How Abortions Could Harm the Mother

The choice to have an abortion is not one women make easily. Ending a pregnancy can be both physically and mentally uncomfortable, with emotions vacillating between sadness and relief. A woman might walk into an abortion clinic certain she is doing the right thing and come out doubting her decision. Conversely, a woman who walks in feeling conflicted might come to feel she made the right choice.

Physical Side Effects

Common physical side effects after a surgical abortion include nausea, vomiting and diarrhea. Cramping similar to an intense period and spotting or bleeding might occur. The American Pregnancy Association states that serious complications occur in less than one out of 100 early abortions and one in 50 late-term abortions. These complications include damage to the cervix, scarring of the uterine lining, infection or sepsis, and perforation of the uterus. Although death from abortion is rare, any surgery is potentially fatal.

Psychological Side Effects lists sleeping and relationship problems, flashbacks and feeling a need to replace the lost child as possible psychological consequences of having an abortion. A woman might feel relieved but guilty for feeling that relief. While many women are comfortable with their choice, others, particularly those from religious backgrounds, might experience depression after having an abortion. Some might choose to visit a counselor or therapist to deal with the emotional turmoil they experience.

Early Abortion Procedure

Abortion in the first 12 weeks of pregnancy carries less physical risk and might cause less emotional discomfort. RU486, also known as the "abortion pill," allows women in the early stages of pregnancy to have a miscarriage at home rather than undergoing surgery. However, this method takes longer than a surgical abortion and requires the woman to be alert and aware during the experience. Surgical abortion, in which the cervix is dilated and the lining of the uterus aspirated by suction, takes only a few minutes and can be done under general anesthesia or with an intravenous pain reliever and sedative.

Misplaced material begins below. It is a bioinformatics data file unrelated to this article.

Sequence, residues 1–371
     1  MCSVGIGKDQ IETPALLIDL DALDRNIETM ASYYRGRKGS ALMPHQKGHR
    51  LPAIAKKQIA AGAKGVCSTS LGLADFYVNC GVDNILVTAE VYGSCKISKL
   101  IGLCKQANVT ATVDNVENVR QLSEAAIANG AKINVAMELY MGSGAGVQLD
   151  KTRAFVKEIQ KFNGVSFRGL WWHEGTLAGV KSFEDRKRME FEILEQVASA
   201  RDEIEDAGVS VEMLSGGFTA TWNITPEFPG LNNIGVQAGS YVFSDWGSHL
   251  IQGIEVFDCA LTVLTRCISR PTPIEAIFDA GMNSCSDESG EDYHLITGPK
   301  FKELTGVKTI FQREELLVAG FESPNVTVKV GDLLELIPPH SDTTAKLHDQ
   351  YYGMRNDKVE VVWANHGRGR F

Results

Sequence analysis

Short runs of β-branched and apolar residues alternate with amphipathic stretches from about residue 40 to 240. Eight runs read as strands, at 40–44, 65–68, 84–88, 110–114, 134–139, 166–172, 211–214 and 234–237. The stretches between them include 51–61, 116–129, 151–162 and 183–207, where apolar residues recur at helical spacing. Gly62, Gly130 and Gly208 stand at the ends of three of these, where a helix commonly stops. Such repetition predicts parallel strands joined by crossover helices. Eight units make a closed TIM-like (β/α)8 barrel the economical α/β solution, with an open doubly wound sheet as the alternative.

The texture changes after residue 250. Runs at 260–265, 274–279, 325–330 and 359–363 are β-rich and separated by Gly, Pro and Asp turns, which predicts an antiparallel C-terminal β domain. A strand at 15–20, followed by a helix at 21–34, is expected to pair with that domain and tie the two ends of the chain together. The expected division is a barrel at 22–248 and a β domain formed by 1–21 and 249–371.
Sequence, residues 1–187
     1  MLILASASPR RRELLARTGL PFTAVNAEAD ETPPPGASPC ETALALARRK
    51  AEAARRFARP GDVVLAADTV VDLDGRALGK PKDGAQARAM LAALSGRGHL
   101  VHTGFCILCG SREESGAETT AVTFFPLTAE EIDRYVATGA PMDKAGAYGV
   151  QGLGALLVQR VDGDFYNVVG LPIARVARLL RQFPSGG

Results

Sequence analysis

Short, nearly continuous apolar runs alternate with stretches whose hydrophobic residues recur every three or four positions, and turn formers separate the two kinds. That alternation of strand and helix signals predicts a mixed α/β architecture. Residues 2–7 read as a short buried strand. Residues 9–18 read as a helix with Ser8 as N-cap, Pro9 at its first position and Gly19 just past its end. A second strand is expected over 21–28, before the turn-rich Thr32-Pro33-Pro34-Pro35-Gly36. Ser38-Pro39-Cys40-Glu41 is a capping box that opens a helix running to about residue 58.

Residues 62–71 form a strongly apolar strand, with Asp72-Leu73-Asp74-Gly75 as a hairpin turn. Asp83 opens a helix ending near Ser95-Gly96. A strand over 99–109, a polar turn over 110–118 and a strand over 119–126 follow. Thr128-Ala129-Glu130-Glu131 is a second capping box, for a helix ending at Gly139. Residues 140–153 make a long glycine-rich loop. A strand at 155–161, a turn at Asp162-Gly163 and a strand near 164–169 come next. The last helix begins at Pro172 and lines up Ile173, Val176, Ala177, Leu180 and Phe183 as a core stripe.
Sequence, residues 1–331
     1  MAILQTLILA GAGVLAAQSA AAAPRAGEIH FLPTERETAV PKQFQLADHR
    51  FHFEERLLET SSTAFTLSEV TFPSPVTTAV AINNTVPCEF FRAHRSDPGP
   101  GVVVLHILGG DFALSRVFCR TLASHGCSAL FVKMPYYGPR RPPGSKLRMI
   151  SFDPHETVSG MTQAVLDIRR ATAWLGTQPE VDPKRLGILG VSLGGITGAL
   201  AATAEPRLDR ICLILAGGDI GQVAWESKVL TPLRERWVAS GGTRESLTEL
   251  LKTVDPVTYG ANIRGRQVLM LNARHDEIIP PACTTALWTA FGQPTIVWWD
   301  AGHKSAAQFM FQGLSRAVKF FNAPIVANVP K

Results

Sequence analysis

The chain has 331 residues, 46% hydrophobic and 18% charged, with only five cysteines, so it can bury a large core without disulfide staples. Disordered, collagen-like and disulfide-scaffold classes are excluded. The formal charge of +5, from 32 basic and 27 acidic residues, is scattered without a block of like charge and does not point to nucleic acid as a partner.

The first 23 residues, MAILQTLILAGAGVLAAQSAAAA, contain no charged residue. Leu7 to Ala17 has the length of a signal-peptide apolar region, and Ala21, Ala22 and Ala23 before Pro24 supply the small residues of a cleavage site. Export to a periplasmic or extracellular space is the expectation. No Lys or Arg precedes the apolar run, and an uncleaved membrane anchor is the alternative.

Late-Term Abortion

Abortion performed after the first trimester of pregnancy is more complicated and takes longer than early abortion. The cervix must be dilated overnight with laminaria, expanding sticks that gradually widen the cervical opening. The woman returns to the gynecologist the following day for a curettage procedure, in which the inner lining of the uterus is removed by scraping. There is a risk of uterine perforation or organ damage when a curette is used, though a well-trained gynecologist knows how to minimize that risk.

When to Seek Medical Attention

If you have had an abortion and experience certain serious side effects, you should visit your doctor or an emergency room immediately. Severe abdominal or back pain that prevents you from standing can be a sign of organ or tissue damage. Bleeding that is much heavier than a normal menstrual period or a fever of over 100.4 degrees F constitute emergency. Abortion is overwhelmingly effective at ending pregnancy, but in rare cases, fetuses have survived. If you experience continuing symptoms of pregnancy, visit your gynecologist as soon as possible.